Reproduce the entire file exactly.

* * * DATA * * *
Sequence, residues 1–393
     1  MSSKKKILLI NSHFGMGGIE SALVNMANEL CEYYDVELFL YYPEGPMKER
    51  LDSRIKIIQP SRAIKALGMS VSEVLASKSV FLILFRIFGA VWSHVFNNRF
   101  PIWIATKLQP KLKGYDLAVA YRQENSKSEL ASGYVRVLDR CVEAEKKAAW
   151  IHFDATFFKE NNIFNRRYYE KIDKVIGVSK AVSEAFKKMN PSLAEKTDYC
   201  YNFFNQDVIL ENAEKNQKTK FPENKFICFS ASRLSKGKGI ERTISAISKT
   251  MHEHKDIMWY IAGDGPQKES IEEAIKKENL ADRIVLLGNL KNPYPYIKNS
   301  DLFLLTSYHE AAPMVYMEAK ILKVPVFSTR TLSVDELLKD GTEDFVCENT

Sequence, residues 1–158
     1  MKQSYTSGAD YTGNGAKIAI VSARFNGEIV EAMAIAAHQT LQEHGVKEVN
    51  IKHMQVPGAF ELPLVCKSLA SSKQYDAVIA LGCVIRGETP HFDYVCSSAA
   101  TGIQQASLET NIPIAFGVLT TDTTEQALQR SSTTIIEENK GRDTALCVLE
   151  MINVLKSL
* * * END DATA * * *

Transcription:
Sequence, residues 1–393
     1  MSSKKKILLI NSHFGMGGIE SALVNMANEL CEYYDVELFL YYPEGPMKER
    51  LDSRIKIIQP SRAIKALGMS VSEVLASKSV FLILFRIFGA VWSHVFNNRF
   101  PIWIATKLQP KLKGYDLAVA YRQENSKSEL ASGYVRVLDR CVEAEKKAAW
   151  IHFDATFFKE NNIFNRRYYE KIDKVIGVSK AVSEAFKKMN PSLAEKTDYC
   201  YNFFNQDVIL ENAEKNQKTK FPENKFICFS ASRLSKGKGI ERTISAISKT
   251  MHEHKDIMWY IAGDGPQKES IEEAIKKENL ADRIVLLGNL KNPYPYIKNS
   301  DLFLLTSYHE AAPMVYMEAK ILKVPVFSTR TLSVDELLKD GTEDFVCENT

Sequence, residues 1–158
     1  MKQSYTSGAD YTGNGAKIAI VSARFNGEIV EAMAIAAHQT LQEHGVKEVN
    51  IKHMQVPGAF ELPLVCKSLA SSKQYDAVIA LGCVIRGETP HFDYVCSSAA
   101  TGIQQASLET NIPIAFGVLT TDTTEQALQR SSTTIIEENK GRDTALCVLE
   151  MINVLKSL